What’s the strangest property feature you’ve ever encountered? Would a ‘tsunamiball’ top the list?
When the tsunami struck Japan in 2011, Californian designer Chris Robinson decided to build a floating shelter in the unlikely event of a tsunami washing up on his doorstep (see below).
The tubular shelter with spheroidal ends, which rests in his backyard, can double as a guest room and Mr Robinson is even considering listing it on Airbnb as an unusual place for travelers to stay, according to Gizmag.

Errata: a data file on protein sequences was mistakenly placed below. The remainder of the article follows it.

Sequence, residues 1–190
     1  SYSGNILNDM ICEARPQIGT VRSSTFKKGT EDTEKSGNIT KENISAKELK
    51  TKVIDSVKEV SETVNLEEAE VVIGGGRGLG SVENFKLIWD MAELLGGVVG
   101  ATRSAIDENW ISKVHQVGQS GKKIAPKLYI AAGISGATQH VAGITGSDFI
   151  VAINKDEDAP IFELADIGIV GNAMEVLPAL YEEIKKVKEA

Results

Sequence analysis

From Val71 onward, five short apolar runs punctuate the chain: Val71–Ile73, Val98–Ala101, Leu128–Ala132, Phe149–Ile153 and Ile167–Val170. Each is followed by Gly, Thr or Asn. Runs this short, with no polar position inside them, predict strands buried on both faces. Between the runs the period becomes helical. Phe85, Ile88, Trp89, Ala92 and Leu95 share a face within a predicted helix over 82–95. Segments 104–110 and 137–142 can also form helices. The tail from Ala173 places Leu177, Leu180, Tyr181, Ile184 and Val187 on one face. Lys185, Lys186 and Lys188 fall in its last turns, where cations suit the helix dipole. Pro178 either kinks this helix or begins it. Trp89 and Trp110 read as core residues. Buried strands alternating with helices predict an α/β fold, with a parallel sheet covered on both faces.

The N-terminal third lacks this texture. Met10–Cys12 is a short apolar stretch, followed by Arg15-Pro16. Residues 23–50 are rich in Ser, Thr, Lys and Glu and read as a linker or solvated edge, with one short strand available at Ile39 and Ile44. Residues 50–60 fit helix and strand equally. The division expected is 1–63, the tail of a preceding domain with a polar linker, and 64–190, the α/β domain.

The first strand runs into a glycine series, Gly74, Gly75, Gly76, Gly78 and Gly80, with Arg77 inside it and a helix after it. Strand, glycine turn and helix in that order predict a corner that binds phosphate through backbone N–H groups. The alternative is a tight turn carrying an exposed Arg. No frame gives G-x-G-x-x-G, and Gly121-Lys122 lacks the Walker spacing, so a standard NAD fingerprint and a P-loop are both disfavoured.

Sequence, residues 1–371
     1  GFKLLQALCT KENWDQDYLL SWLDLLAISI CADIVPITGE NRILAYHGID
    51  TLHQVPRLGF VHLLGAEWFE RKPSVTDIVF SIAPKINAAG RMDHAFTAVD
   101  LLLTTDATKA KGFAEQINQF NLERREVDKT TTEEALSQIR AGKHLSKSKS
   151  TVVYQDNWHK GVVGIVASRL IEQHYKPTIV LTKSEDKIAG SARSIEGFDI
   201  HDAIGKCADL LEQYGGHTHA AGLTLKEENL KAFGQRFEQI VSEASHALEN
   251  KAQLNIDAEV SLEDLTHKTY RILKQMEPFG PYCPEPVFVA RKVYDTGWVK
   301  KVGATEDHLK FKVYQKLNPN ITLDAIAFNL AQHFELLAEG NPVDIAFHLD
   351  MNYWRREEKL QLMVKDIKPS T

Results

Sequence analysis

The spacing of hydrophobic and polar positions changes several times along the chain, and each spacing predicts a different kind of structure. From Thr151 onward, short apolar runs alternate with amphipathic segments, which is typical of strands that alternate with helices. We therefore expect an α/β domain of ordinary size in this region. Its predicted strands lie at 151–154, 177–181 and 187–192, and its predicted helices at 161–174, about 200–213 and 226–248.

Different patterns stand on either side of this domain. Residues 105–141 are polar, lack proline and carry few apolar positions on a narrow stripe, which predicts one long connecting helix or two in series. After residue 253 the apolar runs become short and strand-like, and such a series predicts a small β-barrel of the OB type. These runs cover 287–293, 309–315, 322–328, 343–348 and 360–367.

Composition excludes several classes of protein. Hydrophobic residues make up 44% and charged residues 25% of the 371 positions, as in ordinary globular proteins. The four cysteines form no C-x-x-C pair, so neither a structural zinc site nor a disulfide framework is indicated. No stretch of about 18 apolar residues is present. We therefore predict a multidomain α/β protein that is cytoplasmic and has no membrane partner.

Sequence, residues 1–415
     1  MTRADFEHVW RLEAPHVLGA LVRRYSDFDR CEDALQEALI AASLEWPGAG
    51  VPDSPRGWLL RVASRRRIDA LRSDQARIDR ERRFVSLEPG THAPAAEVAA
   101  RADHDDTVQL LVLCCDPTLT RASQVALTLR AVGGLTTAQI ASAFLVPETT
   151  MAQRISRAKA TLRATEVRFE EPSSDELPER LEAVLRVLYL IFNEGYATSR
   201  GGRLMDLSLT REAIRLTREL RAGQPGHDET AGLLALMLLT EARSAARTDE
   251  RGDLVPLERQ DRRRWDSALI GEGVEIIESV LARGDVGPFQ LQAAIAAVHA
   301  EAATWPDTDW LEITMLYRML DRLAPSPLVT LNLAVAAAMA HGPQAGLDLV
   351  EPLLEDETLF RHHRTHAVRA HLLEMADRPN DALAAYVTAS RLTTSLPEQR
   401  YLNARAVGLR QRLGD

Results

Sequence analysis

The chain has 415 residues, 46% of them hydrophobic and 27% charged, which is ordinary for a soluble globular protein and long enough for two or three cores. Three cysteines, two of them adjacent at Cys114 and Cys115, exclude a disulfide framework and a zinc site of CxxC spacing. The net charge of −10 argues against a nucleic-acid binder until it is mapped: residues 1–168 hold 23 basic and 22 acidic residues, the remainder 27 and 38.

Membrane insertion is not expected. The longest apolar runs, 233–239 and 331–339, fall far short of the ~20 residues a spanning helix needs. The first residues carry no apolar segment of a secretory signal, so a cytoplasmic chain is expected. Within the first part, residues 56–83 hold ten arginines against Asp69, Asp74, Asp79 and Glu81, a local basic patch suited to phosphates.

The construction is nearing completion after three long years of trial and testing to ensure his shelter is functional and 100 per cent tsunami-proof.
Measuring 6 metres long and 3 metres wide, the vessel will include solar panels to generate power, an electric motor and a compostable toilet.
It will also feature bench seating with harnesses that fold out into beds, while the kitchen area will have a small electric stove.
There’s a captain’s window and several other portholes for looking at the view – whether that’s the beautiful back yard or the aftermath of a tsunami.
(Photos: Chris Robinson)